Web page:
July 13, 2020 at 3:05 pm #72354
A Community Report from:
The TechNo-Tribe of Palo Alto – 2031 A.D.
A little Draconian; a lot of Indian Summer on University Ave. these days. “Profit is Resilience” is a bad joke around the fire pit. “Sharing” is everybody’s middle name.
Somebody just started a rumor in the camp: that the year is 2031. Nobody cares. Long days in the gardens and guard duty at night fill up most of each Tribe member’s time in the compound now. It’s 4017 for all they know. The permaculturists are in a 24/7surveillance nightmare while their sisters in the Transition Movement have stopped hiding from the future to push a local veggie barter plan. Both groups have adopted negative population growth by default.
When the class and economic troubles erupted during the global environmental justice wars and crashed their beautiful for-profit tech utopia back in 2029, the PA residents erected an 18’ high barbed wire fence around the City, using material extracted from their own backyards and businesses, an irony not missed by anyone from the “age of re-use.”
But they don’t know who they are keeping inside the fence!
In the TechNo-Tribe, you can post a notice of a need or request on the community bulletin board. Bartering is the new dollar bill. The end of Internet-driven social media has created a new condition in the camp called “buzz down syndrome” that reduces communication between residents to a type of “psycho-babble,” a kind of talking in text.
At this stage, they have burned all of the trees in the re-zoned city in a low tech bid to survive and have to find other things to barter for fuel with the outside. The historic “garage start-up” ethic survives.
The TechNo-Tribe runs a few outdated gadgets with a solar / pedal powered wireless HON (hands on network). Many folks have primitive string and cans to talk over the day’s tasks. No shit.
Good Shepherd Church of Silicon Valley has been vandalized and condemned so much that residents are shocked when a small team of anarchists open a rocket stove, bike parts and repair shop in the Nave. The Old Liberty Bank is the current medical clinic and pot club.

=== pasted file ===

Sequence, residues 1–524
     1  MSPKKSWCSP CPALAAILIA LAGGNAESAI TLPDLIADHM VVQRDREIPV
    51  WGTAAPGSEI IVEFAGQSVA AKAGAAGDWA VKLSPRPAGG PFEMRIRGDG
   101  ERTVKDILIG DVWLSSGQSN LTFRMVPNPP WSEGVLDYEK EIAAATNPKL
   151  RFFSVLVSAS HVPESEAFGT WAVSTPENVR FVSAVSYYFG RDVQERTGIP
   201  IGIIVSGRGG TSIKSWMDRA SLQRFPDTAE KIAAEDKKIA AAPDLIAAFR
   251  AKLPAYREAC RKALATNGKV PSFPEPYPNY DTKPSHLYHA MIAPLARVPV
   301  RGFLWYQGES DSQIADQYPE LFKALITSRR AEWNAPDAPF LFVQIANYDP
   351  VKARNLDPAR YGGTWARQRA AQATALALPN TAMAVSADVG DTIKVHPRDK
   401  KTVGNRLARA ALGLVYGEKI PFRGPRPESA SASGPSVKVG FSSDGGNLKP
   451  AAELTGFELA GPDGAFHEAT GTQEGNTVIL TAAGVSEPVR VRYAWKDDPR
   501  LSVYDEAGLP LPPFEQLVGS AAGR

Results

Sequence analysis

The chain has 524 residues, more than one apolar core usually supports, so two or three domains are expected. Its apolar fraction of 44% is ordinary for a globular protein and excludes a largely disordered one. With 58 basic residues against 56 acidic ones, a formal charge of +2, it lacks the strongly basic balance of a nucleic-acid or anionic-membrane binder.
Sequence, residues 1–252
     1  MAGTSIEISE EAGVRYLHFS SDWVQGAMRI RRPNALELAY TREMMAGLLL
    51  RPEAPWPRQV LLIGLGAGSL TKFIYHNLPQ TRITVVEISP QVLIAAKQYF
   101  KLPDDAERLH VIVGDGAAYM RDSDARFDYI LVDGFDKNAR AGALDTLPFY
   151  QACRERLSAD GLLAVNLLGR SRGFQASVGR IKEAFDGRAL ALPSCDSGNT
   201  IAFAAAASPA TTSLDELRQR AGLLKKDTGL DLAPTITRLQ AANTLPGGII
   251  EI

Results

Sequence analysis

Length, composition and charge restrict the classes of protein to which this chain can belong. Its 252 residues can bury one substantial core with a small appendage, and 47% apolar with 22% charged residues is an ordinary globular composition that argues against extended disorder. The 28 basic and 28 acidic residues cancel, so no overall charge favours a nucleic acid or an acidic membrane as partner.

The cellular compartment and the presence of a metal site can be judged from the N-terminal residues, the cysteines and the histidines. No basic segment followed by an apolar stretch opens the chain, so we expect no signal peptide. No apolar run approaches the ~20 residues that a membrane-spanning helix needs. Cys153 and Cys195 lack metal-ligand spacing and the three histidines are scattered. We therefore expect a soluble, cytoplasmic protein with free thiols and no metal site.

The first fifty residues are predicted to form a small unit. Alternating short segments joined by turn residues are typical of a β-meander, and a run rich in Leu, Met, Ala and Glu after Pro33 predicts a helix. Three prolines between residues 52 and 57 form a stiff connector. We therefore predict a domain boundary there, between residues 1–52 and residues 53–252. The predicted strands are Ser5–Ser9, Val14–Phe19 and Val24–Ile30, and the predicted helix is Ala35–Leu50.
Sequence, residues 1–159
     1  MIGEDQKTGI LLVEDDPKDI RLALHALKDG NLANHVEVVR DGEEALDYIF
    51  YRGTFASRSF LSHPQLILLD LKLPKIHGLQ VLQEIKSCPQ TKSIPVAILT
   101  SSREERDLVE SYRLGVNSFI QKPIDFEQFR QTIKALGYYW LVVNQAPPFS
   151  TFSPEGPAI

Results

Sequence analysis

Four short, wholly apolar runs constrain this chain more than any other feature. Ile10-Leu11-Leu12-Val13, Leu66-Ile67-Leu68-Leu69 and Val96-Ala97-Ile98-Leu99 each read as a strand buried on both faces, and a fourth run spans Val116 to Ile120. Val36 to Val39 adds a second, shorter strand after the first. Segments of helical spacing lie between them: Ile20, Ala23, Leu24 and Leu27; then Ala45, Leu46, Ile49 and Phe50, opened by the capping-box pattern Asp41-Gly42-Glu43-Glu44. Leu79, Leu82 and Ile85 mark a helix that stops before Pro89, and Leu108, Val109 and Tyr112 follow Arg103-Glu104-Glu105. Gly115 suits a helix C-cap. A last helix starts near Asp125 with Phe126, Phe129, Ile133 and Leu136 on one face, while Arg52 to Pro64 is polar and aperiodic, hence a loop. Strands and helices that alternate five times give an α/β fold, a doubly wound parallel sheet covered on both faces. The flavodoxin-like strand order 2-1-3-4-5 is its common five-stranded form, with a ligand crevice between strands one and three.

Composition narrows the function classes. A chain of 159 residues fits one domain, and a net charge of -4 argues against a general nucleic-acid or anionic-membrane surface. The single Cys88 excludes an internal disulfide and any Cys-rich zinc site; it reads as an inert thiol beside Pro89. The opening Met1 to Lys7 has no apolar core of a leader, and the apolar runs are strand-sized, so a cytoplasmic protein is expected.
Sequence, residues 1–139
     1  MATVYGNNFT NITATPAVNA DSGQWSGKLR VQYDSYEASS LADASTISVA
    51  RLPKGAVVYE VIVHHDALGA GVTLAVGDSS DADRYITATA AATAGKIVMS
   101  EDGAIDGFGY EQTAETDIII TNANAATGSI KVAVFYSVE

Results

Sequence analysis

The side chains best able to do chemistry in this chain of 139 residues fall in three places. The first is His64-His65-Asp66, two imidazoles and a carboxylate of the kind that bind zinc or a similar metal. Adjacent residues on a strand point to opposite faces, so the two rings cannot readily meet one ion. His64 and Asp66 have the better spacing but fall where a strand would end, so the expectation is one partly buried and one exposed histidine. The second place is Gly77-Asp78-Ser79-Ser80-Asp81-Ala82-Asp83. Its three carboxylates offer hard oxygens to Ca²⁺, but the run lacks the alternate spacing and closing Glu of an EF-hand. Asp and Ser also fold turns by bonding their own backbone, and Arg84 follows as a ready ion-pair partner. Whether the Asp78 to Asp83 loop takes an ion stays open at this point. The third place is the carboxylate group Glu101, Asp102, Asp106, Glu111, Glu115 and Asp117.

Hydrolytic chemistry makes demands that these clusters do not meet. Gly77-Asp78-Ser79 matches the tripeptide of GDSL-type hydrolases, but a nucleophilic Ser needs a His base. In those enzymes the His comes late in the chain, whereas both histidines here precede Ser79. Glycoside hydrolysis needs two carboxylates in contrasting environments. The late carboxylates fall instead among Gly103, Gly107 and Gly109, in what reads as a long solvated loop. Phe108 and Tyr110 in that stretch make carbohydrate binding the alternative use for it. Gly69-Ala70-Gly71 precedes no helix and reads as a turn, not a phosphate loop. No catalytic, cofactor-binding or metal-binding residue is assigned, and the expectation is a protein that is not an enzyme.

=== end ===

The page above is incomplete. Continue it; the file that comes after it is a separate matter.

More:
Then past the torn-out CalTrain rails to the west, “Stanfordlands” is a post-ag fortress that trades Tribe seeds for shoes and matches.
Soil tending and control is a big deal for the Tribe as the streets have been torn-up in favor of no-till farming with rows of soy beans, peas and other vegetables. One of the Tribes simplest methods of adding nutritious material to their garden beds is by incorporating well composted vegetation into the soil. Composting mimics and intensifies nature’s recycling plan. The fertility of the soil also can be affected if you till the soil and the kinds of mulches you use. A compost pile starts out as a diverse pile of kitchen and garden “waste,” and matures into what soil scientists call “biologically active organic matter.”
In terms of ongoing cultural rituals and traditional events, they include: Latino style barbecues, fire circles and community concerts – all have become foundational pieces for their local “Ecological Landscape Immersion Program.” These are opportunities where the Tribe comes together to deeply connect with each other, that provides a space for listening in cultural mentorship, and for healing and celebration. In many ways these events are the glue that keeps these sister tribes together and moving forward on their collective journeys.
The Tribe’s “Oath of Security” is one big unbent rule. If the community isn’t the Hero, then maybe the fence is? The razor sharp fence, a shadeless boundary, is both a ritual and a routine; a prayer for a savior and a middle finger to a non-existent warden. As far as beliefs go, the Palo Alto TechnoNo-Tribe has shifted psychically from: “The Internet and Gadgets Will Connect Us All” to “The Fence Will Save Us.”
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“The TechNo-Tribe of Palo Alto – 2031 A.D.” by William Paul
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